I’ve toyed with re-reading her; I’ve forgotten most of the endings. But I have this plan forming for 2019, and it won’t give me much time to add Moyes regularly to my list! I’m glad you enjoyed the Tibbetts and their first case.

    • She’s definitely Silver Age, because she’s writing this debut at a time that isn’t serious considered as GAD except by the most desperate outlaws. I think she’ll have Lorac’s eye for the uncommon, too, as she brings a lot in here that develops a potentially standard-fare whodunnit into something that lives and breathes. I’m delighted there’s more depth and breadth in her yet — both you and Noah have assure dme as much — and I’m excited to see where this leads…

      Look at me, reading borderline crime novels. I’ll be a Cozy Cat Mystery acolyte in five years…

  2. Thanks for the shoutout JJ 🙂 This is a very decent GAD style mystery, no question (including some national stereotypes and the redundant second murder to add another 100 pages for a somewhat long-winded final third). I did very much prefer her later book, Who Is Simon Warwick? (1978)

    • I found Simon Warwick befor this one, actually, and was trying to remember why the title sounded familiar…only for a quick search to bring up your review. However, once I had her debut — especially after Noah’s fulsome praise — I couldn’t pass it up.

      There will be plenty more of Moyes to come on TIE, so maybe I’ll be able to entice you back into a third go.

  3. Thanks for the review. 😊 For you to have bought the subsequent 12 titles in the series on the strength of the debut – I’d expected a five-star rating. 😼 But, alas, it must have been because of the clue-ing at the end.

    My first foray into Moyes was Arcturus’s “Who Saw Her Die” – which I took issue with for the clue-ing, if my memory is correct. I read “Dead Men Don’t Ski” after that, and liked it more.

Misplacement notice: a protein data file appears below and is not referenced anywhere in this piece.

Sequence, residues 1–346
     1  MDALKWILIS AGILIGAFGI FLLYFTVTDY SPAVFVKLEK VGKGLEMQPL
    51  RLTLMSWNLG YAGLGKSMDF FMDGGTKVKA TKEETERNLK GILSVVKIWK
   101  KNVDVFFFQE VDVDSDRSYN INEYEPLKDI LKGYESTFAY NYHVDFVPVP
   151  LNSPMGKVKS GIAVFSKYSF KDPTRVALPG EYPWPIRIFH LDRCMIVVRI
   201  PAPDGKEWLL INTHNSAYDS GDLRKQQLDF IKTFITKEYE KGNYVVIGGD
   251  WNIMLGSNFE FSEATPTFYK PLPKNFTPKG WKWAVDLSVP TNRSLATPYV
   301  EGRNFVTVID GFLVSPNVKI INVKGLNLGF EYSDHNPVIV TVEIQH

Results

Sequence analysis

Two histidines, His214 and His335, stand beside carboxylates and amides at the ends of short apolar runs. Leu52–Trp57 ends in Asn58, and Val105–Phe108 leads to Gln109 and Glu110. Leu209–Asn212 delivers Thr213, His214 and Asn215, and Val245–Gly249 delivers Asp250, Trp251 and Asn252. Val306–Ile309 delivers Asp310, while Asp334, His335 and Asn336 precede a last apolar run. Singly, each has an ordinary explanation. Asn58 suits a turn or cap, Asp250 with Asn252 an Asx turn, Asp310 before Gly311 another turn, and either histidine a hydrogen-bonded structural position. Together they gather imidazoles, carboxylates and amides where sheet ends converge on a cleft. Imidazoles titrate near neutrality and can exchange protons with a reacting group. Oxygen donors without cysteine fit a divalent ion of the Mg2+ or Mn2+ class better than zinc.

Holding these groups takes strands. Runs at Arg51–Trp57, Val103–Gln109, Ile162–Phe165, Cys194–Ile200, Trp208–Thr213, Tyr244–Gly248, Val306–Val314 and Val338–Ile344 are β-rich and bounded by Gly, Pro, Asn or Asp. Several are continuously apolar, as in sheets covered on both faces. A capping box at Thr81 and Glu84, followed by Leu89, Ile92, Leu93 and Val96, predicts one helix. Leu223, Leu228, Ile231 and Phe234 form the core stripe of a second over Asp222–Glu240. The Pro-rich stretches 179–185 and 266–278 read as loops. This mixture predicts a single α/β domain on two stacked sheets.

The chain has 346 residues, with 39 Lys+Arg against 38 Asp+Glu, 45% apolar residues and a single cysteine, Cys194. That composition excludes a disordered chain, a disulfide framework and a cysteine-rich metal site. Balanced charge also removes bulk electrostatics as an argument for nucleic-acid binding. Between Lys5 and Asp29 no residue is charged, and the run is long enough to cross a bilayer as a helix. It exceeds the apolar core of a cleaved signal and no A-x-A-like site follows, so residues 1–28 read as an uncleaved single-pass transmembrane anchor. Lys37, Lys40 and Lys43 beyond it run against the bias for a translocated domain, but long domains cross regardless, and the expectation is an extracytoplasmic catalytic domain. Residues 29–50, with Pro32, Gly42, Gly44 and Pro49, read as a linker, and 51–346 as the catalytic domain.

• This was, for its sheer unexpectedness in being much more classical than I might have otherwise expected, cruising to a 5 star rating, ony for those disclosure issues to rear their head with 30 pages to go. Goddamn you, Detective Novels, why do we bargain so much on your endings?!

      The hasty buying of more was partly on assurance from Noah that I’d be a fool to miss out, so I’m pleased to see that borne out in the comments here. The last author I bought in such bulk was Crofts, and we’re yet to see how that works out. It would appear I’m in the mood to be frivolous…!

  4. I have a handful of Moyes books now but the only one I’ve read so far is The Curious Affair of the Third Dog, which I remember I quite enjoyed. I’ll definitely read more by her.

    • If nothing else, she does have some wonderful titles: Season of Snow and Sins, and aA Six-Letter Word for Death being possibly my favourites, and …Third Dog appropriately following.

  5. A great and enticing review, JJ. There have been two Moyes on my pile for ages, Dead Men Don’t Ski and Death and the Dutch Uncle (for obvious reasons), but have always pushed them down the list for no good reason at all. So I’ll remedy that in 2019.

    By the way, Rue Morgue Press had the funniest book cover for Dead Men Don’t Ski depicting a cranky looking Grim Reaper riding a ski-lift.

    • Do I infer from your “for obvious reasons” that DatDU is an impossibility? Interesting if so . She’s not in Adey at all.

      The one here is borderline impossible — it spoils nothing to say that it involves someone being shot on a ski lift when there was no-one else on their side (going down) and the people coming up were too far away to have fired the shot with any accuracy (indeed, the victim may not even have been in sight of the up-comers). It’s fun, but probably not a strict impossibility when you get down to it.

  6. I think Moyes is eminently readable, maybe just a bit on the light side. There is generally less focus on plot and more on the characters. But I think almost all of her books are eminently readable.

      • Well, eminence is no bad quality for readability. I’ve read many books that wouldn’t even pass this bar, so at least you’re clear in your opinions 🙂

        Also, I know I’m supposed to be emailing you, Christian. Apologies, been a busy week. Will hopefully get to “it” soon.

  7. Thanks for the mention and I’m glad you enjoyed this one. Also impressed you tracked down 12 more Moyes – was it in one go? Are you going to read them chronologically? I really should get around to trying more books by Moyes so I shall use the recommendations in the comments to give me some ideas. Got to keep the TBR pile feed after all!